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Nicothodes

My classmates terrify me

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I'm shocked that funding for US public schools is based on property taxes. Funding levels must be all over the place. In Canada, public schools get funding based on the number of students in attendance from September to November.

 

But as Slarty said, funding is rarely the main problem. The emphasis parents put on education is paramount. We have to remember that children are only in school for 5 hours per day, so a teacher's influence is pretty limited. Yet there's this pressure from the government for schools to essentially "fix" children. To make them all equal. The fact is, they aren't equal, not in intelligence or opportunity. That doesn't mean we should give up on certain kids, just that we shouldn't expect them all to achieve at the same level.

 

 

I have no first hand experience with the US school-system, but from what I've heard the teachers are brave to work in it. Teaching in Canada is actually pretty cushy job, (high pay and not too much government interference) but that could change.

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Oh, the horror stories from US public schools have reached far beyond Canada, at least they have reached Sweden. However, conditions in public schools here are deteriorating towards US-like ones, whereas Finland has retained a decent level. This has hurt national pride, of course.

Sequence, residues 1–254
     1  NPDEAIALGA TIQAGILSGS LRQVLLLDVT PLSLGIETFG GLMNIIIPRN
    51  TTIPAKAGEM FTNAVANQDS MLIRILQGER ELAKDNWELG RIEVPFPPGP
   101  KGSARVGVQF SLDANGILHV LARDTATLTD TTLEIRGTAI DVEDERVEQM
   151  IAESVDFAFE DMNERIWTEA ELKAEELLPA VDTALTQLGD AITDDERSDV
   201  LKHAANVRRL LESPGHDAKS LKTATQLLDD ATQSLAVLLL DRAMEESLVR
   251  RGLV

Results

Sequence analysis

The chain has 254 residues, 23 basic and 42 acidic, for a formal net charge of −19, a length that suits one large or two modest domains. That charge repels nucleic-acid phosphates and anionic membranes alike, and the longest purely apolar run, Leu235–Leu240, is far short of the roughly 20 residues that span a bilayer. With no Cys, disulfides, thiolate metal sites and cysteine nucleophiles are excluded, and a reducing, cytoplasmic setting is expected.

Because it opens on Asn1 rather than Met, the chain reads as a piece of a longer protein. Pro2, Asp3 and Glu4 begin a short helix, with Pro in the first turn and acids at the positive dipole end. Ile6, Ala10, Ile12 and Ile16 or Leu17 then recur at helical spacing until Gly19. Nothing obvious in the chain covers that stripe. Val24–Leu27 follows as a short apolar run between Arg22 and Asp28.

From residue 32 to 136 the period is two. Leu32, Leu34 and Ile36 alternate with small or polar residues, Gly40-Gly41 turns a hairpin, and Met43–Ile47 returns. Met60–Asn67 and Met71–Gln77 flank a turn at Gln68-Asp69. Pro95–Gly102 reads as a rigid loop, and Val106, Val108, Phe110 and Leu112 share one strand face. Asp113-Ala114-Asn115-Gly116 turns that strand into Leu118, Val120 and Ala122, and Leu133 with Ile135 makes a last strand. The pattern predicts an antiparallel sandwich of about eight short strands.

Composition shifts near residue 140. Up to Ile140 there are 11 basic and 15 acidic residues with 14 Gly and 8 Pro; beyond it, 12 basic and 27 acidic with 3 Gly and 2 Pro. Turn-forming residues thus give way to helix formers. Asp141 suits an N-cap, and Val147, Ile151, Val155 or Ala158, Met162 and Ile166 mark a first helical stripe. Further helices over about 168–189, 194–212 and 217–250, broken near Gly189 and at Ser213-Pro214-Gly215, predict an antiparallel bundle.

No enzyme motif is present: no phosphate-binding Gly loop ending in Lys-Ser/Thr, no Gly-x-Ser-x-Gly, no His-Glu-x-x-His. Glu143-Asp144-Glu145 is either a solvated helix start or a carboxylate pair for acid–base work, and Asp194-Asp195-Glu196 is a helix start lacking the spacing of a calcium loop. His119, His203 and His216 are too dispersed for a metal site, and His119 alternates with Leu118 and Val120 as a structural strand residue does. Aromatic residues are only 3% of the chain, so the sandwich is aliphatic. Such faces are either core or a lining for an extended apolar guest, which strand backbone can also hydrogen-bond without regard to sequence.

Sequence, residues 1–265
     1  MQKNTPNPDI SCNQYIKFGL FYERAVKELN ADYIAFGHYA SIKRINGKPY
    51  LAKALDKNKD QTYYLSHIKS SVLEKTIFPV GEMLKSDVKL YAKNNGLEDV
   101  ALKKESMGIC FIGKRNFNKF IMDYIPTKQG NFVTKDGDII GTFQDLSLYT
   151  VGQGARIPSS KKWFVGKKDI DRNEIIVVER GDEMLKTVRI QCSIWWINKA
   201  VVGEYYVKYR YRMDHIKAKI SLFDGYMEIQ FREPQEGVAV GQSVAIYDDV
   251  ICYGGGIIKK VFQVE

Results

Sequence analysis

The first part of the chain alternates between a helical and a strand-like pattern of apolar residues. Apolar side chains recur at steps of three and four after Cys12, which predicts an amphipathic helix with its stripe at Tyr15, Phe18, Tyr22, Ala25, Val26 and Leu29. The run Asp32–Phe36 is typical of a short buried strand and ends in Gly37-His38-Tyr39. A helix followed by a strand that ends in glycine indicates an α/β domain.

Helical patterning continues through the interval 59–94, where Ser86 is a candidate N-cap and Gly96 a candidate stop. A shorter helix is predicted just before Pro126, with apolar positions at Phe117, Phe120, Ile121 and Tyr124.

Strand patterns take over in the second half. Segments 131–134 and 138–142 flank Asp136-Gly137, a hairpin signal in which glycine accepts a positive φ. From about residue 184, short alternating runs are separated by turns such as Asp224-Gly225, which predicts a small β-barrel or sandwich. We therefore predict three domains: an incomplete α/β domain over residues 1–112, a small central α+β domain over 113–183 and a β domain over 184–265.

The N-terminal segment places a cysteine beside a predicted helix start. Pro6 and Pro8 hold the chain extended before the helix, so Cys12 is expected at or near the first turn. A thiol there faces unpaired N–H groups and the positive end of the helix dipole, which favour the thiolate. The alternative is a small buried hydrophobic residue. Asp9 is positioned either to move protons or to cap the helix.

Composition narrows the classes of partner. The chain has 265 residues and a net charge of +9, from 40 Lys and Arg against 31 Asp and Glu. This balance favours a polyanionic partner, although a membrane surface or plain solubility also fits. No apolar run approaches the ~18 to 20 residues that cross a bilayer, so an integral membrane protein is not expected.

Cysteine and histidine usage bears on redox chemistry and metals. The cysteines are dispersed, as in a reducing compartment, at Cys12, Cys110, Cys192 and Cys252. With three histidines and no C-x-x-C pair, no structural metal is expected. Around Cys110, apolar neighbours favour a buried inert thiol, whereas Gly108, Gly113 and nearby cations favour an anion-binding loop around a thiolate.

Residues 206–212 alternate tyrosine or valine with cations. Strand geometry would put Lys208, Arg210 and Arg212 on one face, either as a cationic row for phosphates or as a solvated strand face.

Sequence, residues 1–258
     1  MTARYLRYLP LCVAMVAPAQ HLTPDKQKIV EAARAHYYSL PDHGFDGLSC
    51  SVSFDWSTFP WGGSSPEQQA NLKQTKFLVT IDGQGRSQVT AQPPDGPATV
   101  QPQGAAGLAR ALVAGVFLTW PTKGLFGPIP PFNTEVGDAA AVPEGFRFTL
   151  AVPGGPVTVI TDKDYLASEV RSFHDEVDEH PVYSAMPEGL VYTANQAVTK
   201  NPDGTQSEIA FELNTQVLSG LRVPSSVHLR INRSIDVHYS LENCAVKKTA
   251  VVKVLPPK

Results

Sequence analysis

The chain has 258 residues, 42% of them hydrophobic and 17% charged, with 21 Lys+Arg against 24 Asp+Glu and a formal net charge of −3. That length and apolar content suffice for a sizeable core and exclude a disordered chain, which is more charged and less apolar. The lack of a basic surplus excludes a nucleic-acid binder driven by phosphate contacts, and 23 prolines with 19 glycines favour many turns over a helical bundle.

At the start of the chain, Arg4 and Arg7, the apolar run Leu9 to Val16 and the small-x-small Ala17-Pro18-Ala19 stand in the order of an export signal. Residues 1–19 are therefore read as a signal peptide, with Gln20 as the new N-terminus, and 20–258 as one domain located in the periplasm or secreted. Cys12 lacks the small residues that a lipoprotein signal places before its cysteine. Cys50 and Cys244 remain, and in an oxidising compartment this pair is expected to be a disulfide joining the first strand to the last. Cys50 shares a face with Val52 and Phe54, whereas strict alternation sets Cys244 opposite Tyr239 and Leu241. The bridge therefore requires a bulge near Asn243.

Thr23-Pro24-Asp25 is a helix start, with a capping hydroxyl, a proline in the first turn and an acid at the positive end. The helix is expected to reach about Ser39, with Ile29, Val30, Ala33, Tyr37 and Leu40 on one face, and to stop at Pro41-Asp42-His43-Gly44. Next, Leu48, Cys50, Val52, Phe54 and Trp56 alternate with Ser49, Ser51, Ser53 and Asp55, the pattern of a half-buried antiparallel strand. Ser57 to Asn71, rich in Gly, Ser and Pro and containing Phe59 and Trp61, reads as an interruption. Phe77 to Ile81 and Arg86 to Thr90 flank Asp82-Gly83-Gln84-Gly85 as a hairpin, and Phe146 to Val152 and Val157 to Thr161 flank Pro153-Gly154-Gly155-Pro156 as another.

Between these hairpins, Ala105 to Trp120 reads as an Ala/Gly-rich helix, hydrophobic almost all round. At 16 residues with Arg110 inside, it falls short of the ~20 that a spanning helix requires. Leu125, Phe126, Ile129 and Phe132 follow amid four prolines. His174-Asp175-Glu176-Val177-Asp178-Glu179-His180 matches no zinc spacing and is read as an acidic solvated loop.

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“In Germany they came first for the Communists, and I didn't speak up because I wasn't a Communist. Then they came for the Jews, and I didn't speak up because I wasn't a Jew. Then they came for the trade unionists, and I didn't speak up because I wasn't a trade unionist. Then they came for the Catholics, and I didn't speak up because I was a Protestant. Then they came for me, and by that time no one was left to speak up.” --Pastor Martin Niemöller, 1945


This was spoken about the Holocaust but it is still applicable today. If you do not speak up about about changing values and defend them from backwards thinking (ie. all women want is to have babies) then who will stand up before it is to late?

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You can try to educate your sociopathic peers, but don't do it for their sake. You are in the class to learn the material and get a grade. If arguing with them will help with those things, then do it. Otherwise, don't bother unless you just want to sharpen your own arguments. You will probably get more out of talking with the instructor than you will out of arguing with people who are grossly, and perhaps willfully, ignorant.